Since version 0.8.0 of Chlorine, there’s a new way to evaluate ClojureScript code: that’s the Shadow-CLJS Remote API. It is basically a new REPL (not nREPL, no Socket REPL) over WebSockets to try to solve problems when translating other REPLs to ClojureScript. So, to understand why these problems exist, I’ll first introduce the difference between ClojureScript and Clojure.
On Clojure, you’re always inside a JVM. This means that compilation happens on the same JVM that your REPL, and your code is running. If you practice REPL-Driven Development, even your tests are running on the same JVM. In practical terms, it means that when you fire up your REPL, you already have everything ready to run code, compile code, and evaluate forms.
So to solve these issues the new API uses two IDs: the
:build-id is a keyword with the build target name;
:client-id is an identifier for a specific runtime connected into a specific
:build-id (it’s the little number on the JS console that appears when you connect a runtime, for example:
shadow-cljs: #25 ready!). So, if you want to evaluate, you send a command
:cljs-eval, to a specific
:client-id, then you’ll get an UUID as an answer that you’ll use to get the results. Quite easy, to be honest, but also powerful: the UUID for the result can be used to get the full result in EDN, or to get partial results. It can also get metadata, datafy, etc… Chlorine still does not support everything that can be done, but it will in the future (and probably this will allow me to remove lots of ugly hacks that I current have, just to work with limitations on the Socket REPL).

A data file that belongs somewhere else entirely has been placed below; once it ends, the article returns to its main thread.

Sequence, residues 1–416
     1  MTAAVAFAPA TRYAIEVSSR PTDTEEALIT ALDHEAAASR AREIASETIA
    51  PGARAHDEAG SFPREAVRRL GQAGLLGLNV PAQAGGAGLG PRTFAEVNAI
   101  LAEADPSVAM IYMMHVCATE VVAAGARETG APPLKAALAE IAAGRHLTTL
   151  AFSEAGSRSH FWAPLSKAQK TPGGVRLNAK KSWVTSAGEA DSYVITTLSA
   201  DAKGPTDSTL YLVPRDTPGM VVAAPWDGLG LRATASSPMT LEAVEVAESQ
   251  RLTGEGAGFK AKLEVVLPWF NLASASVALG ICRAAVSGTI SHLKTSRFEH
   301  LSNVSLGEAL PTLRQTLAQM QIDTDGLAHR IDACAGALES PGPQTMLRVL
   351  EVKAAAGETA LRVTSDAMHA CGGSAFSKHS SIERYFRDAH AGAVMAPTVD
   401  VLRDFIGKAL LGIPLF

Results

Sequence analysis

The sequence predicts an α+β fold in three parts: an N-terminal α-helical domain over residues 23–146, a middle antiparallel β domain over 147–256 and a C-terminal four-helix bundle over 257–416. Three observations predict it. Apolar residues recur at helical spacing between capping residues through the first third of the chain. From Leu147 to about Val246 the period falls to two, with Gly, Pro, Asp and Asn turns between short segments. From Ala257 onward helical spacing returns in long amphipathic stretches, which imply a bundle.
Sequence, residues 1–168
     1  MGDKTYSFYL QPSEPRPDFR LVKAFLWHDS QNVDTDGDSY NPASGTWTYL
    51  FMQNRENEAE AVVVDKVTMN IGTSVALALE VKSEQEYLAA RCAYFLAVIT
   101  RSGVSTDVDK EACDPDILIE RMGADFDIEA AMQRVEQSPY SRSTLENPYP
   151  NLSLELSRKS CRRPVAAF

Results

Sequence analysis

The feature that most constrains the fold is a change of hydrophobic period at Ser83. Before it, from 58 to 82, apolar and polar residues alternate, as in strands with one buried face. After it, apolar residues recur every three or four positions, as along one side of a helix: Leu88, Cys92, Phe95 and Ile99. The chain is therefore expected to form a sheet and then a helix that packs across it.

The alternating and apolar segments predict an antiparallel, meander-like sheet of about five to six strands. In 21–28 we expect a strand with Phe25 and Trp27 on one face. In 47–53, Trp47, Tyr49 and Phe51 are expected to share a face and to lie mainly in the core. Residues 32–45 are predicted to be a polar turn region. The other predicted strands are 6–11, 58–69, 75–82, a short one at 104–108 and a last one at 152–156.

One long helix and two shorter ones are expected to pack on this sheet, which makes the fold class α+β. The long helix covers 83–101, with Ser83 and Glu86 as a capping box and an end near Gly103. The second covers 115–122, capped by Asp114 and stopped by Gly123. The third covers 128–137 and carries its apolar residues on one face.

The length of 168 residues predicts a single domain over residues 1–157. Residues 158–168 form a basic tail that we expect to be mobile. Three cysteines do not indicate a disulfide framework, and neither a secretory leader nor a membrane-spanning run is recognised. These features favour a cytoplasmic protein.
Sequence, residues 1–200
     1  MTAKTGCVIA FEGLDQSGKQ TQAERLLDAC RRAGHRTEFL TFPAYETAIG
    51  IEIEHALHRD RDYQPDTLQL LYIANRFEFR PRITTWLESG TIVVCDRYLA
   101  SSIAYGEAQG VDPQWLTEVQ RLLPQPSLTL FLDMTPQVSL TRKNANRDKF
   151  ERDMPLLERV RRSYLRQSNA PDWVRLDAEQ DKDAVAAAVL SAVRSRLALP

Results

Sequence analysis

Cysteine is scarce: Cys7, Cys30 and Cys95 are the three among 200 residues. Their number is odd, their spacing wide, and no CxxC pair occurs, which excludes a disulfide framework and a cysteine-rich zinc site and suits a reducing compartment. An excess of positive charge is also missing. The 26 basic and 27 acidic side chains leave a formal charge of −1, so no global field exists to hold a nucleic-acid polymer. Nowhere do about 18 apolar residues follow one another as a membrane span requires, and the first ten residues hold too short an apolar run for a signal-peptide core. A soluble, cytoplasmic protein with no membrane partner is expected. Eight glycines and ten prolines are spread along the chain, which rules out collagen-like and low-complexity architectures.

What more? Well, you can detect when a runtime is available; you can also detect when it goes away (somebody closed the browser window, for example). You can listen to
tap> commands; you can also listen to STDOUT, STDERR, and build failures / warnings (these, Chlorine already have support).
What’s missing? Well… a Clojure port! Seriously, it’s really good and can allow you to develop ClojureScript from inside your browser, without ANY GLUE CODE (because, again – websocket!). Obviously, you can use from Clojure, but you’ll need to develop Clojure code in Shadow-CLJS, but I must be honest – that’s a path I am indeed considering!